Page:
Fraudsters Are Duping Homeless People Into Signing Up for ACA Plans They Can’t Afford

by | Jun 13, 2023 | Health

MIAMI — Mary Zhelyazkova was surprised when pharmacists at Florida’s largest safety net hospital said they could not fill her prescription.

Zhelyazkova, 40, was living at a homeless shelter and needed Suboxone, a medication to manage the symptoms of opioid withdrawal.

She said she had been getting Suboxone at the Jackson Memorial Hospital pharmacy for free through the Ryan White HIV/AIDS Program, which provides medical care at little or no cost to people with HIV.

But at the end of 2021, she said, a stranger approached her on the street and offered her $5 to sign up for a “free” health insurance plan with Florida Blue. The person instructed her to use a false address and falsify her income so she could be seen as eligible for coverage, she said.

When the plan took effect the following year, Zhelyazkova learned the downsides.

Signing up for private insurance disqualified her from Ryan White coverage. And Florida Blue’s provider network did not include the hospital pharmacy; she would need to go to Walgreens, which would require transportation. She’d also need to come up with a $20 copay, which she could not afford.

Mary Zhelyazkova, 40, of Miami said she accepted $5 from a stranger to sign up for a zero-premium health plan through the Affordable Care Act marketplace in fall 2021. Zhelyazkova, who is homeless, does not qualify for coverage because she does not earn enough income.(Daniel Chang / KFF Health News)

“I went into withdrawal. It was horrible,” said Zhelyazkova, who added that she went without medication for days, until a nonprofit needle exchange program paid for the drug.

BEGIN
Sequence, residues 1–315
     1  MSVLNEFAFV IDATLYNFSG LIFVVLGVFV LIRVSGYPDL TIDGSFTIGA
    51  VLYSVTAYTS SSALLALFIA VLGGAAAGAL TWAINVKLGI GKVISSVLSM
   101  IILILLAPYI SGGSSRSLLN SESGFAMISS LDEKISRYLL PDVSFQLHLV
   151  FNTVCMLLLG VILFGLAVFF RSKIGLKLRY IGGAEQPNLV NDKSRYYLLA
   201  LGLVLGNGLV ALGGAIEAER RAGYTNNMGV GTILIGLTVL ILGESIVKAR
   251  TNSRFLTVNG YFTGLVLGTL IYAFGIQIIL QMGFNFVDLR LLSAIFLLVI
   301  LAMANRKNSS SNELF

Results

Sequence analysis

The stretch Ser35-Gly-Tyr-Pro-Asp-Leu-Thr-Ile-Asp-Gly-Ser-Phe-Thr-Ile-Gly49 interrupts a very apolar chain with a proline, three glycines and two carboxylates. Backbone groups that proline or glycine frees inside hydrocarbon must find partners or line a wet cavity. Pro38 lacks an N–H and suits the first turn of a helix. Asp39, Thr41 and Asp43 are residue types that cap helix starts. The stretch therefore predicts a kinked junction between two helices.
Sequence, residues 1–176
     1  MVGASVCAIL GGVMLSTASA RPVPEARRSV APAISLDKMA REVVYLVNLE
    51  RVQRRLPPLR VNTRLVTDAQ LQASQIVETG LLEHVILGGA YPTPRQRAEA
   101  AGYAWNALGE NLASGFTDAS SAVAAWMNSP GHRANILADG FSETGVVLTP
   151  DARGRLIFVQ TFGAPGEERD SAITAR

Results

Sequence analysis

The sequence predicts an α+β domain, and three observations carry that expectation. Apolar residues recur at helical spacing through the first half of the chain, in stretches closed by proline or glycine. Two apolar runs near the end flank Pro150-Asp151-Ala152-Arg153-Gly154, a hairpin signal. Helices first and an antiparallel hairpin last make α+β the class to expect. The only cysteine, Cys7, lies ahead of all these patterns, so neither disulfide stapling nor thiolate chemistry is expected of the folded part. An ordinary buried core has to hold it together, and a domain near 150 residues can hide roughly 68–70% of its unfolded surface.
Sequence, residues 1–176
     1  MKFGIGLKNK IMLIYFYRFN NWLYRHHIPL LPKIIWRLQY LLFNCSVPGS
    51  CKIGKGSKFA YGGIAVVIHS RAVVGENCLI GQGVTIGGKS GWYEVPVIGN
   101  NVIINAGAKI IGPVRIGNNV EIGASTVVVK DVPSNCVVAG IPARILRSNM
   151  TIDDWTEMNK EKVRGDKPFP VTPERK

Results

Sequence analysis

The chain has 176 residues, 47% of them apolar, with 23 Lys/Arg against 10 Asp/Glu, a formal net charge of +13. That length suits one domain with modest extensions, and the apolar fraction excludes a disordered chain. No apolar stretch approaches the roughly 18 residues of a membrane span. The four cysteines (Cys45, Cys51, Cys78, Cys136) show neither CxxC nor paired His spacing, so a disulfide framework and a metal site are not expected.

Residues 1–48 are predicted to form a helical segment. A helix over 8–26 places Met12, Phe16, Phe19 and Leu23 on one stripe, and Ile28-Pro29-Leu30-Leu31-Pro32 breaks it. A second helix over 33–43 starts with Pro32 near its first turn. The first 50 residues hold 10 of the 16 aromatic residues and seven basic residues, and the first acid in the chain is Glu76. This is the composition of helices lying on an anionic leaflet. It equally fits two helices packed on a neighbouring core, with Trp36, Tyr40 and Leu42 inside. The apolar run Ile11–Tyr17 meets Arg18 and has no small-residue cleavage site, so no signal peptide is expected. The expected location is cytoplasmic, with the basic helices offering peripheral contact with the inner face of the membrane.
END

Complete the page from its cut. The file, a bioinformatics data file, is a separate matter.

Zhelyazkova is one of potentially hundreds of homeless people in Florida who have been approached by commission-seeking agents and brokers, who sign them up for zero-premium health plans on the Affordable Care Act marketplace, according to state insurance regulators, doctors, and enrollment counselors.

The presumption is that dishonest agents and brokers are signing up homeless people to earn a sales commission and that they are engaging in fraud by lying about the enrollees’ income and home addresses.

And though the federal government pays the monthly premium for qualified low-income consumers on an ACA plan, the policies often come with copayments, deductibles, and other out-of-pocket costs that are unaffordable to people earning little to no income.

Amid an uptick in reports, state and federal regulators are investigating cases of agents and brokers providing fraudulent information on applications for ACA coverage.

The federal agency that oversees the ACA marketplace said that for the fiscal year that ended Sept. 30, 2022, the agency received more than 25,000 complaints from people who alleged they had been enrolled in policies without their consent or that incorrect information was submitted on an application by an agent or broker. The Centers for Medicare & Medicaid Services also said it performed more than 700 license verifications to identify potentially problematic brokers during that same period.

Opportunistic recruitment of homeless people into ACA plans is most likely in states like Florida, one of 10 that have refused to expand eligibility for Medicaid to nearly all low-income adults. In one case from 2015, a North Carolina agent signed up hundreds of homeless people for ACA coverage. That state adopted Medicaid expansion in March, though the change has not yet been implemented.

In an expansion state, most single adults in poverty would qualify for Medicaid. In non-expansion states, including Florida, consumers generally must earn at least 100% of the federal poverty level to qualify for the health law’s tax credits, which reduce monthly premiums and out-of-pocket costs. In 2023, that would equate to $14,580 for a …

Article Attribution | Read More at Article Source

Share This